And a big thanks again to Andrew for putting together such a thoughtfully designed guide, and for generously taking the time to answer all of my questions prior to my trip.

Posted in on May 31, 2017
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  1. Chad on June 1, 2017 at 12:46 pm

    Well done David! I’m also an Easterner who’s done my first solo trips in the Sierras the last two summers. My experience last summer was very similar. The mental fatigue from tackling long talus fields is real…while I enjoy the puzzle while solo, the stress does build. Stormy weather caused me to be more conservative and bail on my route- like you, I probably would have continued on with a partner. Fortunately I had looked at a lot of route options while planning the trip, so I had a good bail at option ready to go. As an easterner, I love the training, map studying, and gear planning I have to do to pull off a solo off-trail hike out west …the 2 months before it are probably as much fun as the trip itself.

  2. David Danylewich on June 1, 2017 at 2:53 pm

    David, thanks for the great write up – a fresh perspective that is more than just a listing of milestones. Myself and a friend or two are doing Loop 4/5 in late August. We’ve done two trips with Skurka, and one self-initiated trip to Sequoia for a high route last year for six days. What time of year did you go and what’s your advice re: amount of time to do Loop 4/5. We’ve budgeted six days. Enough/too much/just right in your experience?

    • David Alexander on June 1, 2017 at 3:15 pm

      Thanks David. I started on the trail August 20th and was fortunate to have perfect weather all week. It’s a good time of the year to go, still plenty of water around, but no complications from snow melt or anything like that. And I really didn’t want to wrestle with snow on Bonney Pass. My original plan was to shoot for loop 5 and take loop 4 if I was running low on time, and I budgeted 6 days and 5 days respectively, but I would strongly consider having a 7th day available in case things don’t go according to plan. You may have injuries, bad weather, or just find that you are stopping to smell the flowers too often. If you end up with an extra day, there’s plenty of other things to do in the area. I had a couple extra days and went running in the Tetons.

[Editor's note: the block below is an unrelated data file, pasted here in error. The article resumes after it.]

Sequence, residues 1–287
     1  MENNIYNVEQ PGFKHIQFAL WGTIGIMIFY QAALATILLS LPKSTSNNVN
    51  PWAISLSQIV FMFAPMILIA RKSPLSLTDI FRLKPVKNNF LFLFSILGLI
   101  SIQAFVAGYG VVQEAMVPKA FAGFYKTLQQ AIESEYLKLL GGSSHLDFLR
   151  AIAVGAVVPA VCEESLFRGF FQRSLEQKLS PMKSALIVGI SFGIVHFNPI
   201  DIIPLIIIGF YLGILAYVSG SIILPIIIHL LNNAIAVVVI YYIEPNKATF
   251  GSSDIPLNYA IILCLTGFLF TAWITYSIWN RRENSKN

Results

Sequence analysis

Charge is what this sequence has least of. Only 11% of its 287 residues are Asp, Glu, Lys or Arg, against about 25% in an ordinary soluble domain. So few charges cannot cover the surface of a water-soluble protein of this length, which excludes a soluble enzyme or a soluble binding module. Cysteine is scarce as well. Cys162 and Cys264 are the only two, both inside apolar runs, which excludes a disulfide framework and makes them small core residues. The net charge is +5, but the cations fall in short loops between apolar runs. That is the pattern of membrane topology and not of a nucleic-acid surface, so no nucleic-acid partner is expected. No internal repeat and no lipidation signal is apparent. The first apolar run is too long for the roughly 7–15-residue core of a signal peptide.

• Andrew Skurka on June 1, 2017 at 4:49 pm

        For context, I would say that you all are about comparable in fitness. David A. is more of a question mark because he was only on a 3-day trip, although we did get after it one afternoon and he handled that pretty well.

        David D. – The best way to estimate your itinerary is to calculate the amount of vertical you did last year on KCHBR. Then apply it to the Winds. If you did 3,000 vertical feet per day on KCHBR, you’ll probably do about 3k in the Winds. The ratio of on-trail/off-trail will have a influence as well, but it’s less significant than pure vert. Loop 4/5 has one exceptionally slow section, through Alpine Lakes. It’s mile-per-hour terrain, even for me. I don’t think there is a comparable section on KCHBR Loop 1. I suppose it’d be like the Talus Pass area, but longer and full of obstacles like snowfields and cliff bands. Oh, finally, add a weather day to your itinerary — those are more likely in the Winds than the High Sierra.

        • David Danylewich on June 1, 2017 at 7:00 pm

          Thanks Andrew, we’ll do the calculations you suggest!